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A welcome Thanksgiving: BPA's crews return safe from Sandy response
11/29/2012 3:51 PM
BPA crews clear debris in a substation on the New Jersey barrier islands following the storm surge and high winds from Hurricane Sandy.
As the line of vehicles proceeded across the tightly controlled bridge to New Jersey’s barrier islands, the scale of destruction became self-evident.
Cars thrust into living rooms. Boats strewn like toys in the middle of the road. Large sinkholes encroaching into neighborhoods.
And no power. Anywhere.
For BPA foreman Tom Miller and his fellow electricians, four flooded and debris-ridden substations in this apocalyptic landscape would be their workstation from 6 a.m. to 9 p.m. every day of their deployment
“Driving out there, you’d see more and more damage as you got closer to the shore,” Miller recalled. “The barrier islands were exactly that – there was damage inland, but the barrier islands took the real brunt.”
BPA would begin deploying 106 employees and contractors to the New Jersey area on Nov. 3 along with 72 pieces of heavy equipment as part of the Department of Energy’s emergency mission to restore power following the devastation of Hurricane Sandy. As many as 8.5 million people were left without power across 21 states along the Eastern Seaboard. BPA, for its part, would provide manpower and resources for Jersey Central Power and Light on behalf of its parent company First Energy.
The volunteer crews would be deploying for an unknown length of time – possibly up to two months, affecting families during a season of holidays.
Still, for BPA energy efficiency representative Mary Beth Evans, there was no question her husband, Jared, a lineman, should go.
“There was little decision making – when a job comes up like that and he’s called out, he goes, and we make it work,” Evans said.
This deployment would differ from previous emergency responses in the Pacific Northwest for both the crews and the families.
“We didn’t know exactly where they were going or where they were staying,” Evans said. “There were so many unknowns that it was a little scary.”
NEXT STOP: THE JERSEY SHORE
That process of getting the men and equipment nearly 3,000 miles from Olympia and Spokane to the eastern shores of New Jersey proved no small task.
“We weren’t exactly sure what we were getting ourselves into,” said Steve Goins, construction and maintenance services manager and the leadership embed for the deploying crews. “We’ve never done something like this on this scale before.”
Enter the U.S. Air Force and a bevy of C-5s and C-17s. Three waves of personnel and equipment would fly out of Joint Base Lewis-McChord near Olympia and Fairchild Air Base in Spokane.
“The military was awesome,” Goins said. “They were excited – polite, helpful, calm – in the way they were instructing us.”
Each line truck and generator was measured as airmen developed a meticulous plan to load the aircraft.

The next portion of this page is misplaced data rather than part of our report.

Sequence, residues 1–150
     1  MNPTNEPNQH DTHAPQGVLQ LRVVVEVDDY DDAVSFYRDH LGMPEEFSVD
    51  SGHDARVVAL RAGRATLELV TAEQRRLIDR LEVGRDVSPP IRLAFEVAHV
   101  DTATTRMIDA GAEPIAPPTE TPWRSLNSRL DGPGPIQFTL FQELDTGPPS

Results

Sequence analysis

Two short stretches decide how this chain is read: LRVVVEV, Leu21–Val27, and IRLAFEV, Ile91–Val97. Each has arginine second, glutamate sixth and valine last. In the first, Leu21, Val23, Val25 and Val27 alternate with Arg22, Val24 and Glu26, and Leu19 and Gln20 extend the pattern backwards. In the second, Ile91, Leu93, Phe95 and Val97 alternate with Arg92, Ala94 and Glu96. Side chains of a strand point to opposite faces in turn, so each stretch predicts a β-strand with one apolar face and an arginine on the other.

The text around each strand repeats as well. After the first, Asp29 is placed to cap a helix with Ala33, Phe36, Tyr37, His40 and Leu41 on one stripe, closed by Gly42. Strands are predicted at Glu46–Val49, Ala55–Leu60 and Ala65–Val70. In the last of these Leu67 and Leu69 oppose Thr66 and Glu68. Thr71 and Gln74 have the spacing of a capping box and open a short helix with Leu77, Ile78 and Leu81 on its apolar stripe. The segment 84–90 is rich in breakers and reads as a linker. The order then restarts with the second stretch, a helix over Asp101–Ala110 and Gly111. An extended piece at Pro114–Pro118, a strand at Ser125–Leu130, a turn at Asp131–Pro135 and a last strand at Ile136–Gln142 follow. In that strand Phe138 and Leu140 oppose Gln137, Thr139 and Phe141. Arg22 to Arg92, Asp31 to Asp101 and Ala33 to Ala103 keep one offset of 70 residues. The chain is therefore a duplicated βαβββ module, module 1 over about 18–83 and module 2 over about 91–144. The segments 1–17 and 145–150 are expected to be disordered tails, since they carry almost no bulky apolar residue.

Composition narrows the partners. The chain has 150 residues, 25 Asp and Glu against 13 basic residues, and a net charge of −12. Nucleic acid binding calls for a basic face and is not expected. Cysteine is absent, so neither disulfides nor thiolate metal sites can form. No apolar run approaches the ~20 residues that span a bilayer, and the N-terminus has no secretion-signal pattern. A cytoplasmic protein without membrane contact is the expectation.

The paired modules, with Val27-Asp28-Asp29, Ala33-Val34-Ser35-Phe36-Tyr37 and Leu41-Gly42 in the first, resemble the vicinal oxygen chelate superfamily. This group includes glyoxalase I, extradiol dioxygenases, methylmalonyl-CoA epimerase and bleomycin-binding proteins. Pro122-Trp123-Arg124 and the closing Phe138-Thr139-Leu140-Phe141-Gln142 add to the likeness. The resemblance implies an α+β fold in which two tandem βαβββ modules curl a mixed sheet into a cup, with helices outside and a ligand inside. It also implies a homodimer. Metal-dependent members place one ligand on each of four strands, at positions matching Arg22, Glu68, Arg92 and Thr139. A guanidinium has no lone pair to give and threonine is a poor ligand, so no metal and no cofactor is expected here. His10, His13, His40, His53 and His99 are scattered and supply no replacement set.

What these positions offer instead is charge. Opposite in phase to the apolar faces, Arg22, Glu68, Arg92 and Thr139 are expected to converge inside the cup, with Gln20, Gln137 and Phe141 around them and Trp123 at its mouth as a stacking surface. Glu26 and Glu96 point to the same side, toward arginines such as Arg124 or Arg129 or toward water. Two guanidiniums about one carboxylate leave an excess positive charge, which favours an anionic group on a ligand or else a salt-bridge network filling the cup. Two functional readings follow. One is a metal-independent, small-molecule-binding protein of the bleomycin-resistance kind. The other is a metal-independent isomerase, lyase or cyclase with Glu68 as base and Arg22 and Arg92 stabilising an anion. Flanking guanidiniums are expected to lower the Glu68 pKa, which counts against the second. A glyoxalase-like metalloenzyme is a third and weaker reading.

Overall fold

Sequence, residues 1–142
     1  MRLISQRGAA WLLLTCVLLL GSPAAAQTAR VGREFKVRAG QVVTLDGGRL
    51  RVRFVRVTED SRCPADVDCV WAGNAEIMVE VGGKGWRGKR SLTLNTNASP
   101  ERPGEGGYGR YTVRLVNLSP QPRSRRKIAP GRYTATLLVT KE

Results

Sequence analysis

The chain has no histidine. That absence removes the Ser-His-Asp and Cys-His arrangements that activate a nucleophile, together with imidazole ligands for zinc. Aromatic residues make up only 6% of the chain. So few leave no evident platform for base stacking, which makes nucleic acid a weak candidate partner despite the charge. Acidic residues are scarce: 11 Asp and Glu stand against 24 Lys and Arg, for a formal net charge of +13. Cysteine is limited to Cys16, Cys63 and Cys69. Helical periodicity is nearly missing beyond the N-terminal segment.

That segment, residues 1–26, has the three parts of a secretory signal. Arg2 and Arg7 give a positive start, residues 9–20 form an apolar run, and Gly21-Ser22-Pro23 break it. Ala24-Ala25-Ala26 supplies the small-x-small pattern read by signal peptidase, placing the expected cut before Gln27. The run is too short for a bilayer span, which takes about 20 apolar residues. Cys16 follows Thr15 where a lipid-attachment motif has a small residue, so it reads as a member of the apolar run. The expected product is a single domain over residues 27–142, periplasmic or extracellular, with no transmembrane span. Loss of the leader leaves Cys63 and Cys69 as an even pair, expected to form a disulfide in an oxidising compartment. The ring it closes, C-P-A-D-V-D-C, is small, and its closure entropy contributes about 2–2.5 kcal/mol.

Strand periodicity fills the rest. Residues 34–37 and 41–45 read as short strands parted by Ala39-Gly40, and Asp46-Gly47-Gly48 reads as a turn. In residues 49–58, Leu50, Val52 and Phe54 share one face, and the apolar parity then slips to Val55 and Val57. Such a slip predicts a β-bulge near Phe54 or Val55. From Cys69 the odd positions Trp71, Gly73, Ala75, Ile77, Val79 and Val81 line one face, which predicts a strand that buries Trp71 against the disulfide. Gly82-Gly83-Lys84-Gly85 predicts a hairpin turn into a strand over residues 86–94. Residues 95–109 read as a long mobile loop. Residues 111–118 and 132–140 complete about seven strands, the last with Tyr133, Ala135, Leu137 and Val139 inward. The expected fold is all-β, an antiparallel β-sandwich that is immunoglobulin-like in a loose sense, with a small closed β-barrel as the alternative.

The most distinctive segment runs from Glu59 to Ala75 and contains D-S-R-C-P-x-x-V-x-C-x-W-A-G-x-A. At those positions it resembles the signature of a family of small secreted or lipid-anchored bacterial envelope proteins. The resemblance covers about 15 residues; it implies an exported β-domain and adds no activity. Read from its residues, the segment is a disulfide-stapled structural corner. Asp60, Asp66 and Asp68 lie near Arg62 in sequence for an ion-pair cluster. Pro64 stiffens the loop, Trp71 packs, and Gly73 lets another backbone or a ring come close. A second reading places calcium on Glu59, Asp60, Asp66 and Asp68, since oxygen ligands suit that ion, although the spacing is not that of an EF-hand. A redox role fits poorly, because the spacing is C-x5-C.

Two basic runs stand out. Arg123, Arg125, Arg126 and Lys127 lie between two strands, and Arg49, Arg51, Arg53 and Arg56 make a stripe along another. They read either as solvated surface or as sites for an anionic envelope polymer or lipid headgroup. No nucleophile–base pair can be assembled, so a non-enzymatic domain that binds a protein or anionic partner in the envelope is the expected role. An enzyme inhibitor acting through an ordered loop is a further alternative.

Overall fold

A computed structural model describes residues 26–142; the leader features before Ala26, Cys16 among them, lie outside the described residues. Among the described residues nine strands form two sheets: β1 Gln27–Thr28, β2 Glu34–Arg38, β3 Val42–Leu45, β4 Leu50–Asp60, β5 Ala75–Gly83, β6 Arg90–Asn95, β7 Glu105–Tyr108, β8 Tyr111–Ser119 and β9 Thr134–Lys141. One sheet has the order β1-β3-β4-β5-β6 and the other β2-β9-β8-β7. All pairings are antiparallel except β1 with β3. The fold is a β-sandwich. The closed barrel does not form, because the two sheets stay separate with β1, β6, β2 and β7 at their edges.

“It was quite the process – by the time we took off and landed – it was a non-stop, 24-hour process – some folks would lay out on the ground and sleep on the aluminum deck in the plane next to their vehicles,” Goins said.
Once on the ground, the crews would spread out across a large swath of the Garden State over the next few days.
The linemen, normally working in a transmission role, would adapt their processes to provide distribution support on an individual house and neighborhood level.
“IT WAS JUST A COMPLETE MESS”
Debris, including a surfboard, was found in a substation on the New Jersey barrier islands and gathered for removal by BPA crews.
The 31 substation electricians sent would face a different task. All four substations serving the New Jersey barrier islands had been knocked out during Hurricane Sandy and JCPL was anxious for assistance.
“They were hugely relieved,” Goins said of the resource-stretched utility that was responding to a statewide disaster. “It was almost two weeks into the storm and they didn’t have a clue how they were going to repair the stations. The water line was 3-and-a-half feet up in the substations. It’s not good for a substation to be underwater.”
But with no power, limited access and austere conditions, Goins and his small team of managers would be busy simply making sure the team had the tools it needed to accomplish its job.
“We literally went to a Home Depot on the mainland to buys rakes and brooms to clean up the debris around the substations before we could even get into them,” Goins said. “As we got there, it was just a complete mess.”
Miller agreed, drawing on the perspective at the Ortley Beach Substation.
“The substation had been pretty well washed out – the big thing was the amount of debris in the substation itself,” he said. “The water from the storm surge had pushed the front fence down and this huge amount of debris floated in there and got trapped. Photo albums, surfboards, underwear – you name it, it had floated into that substation.”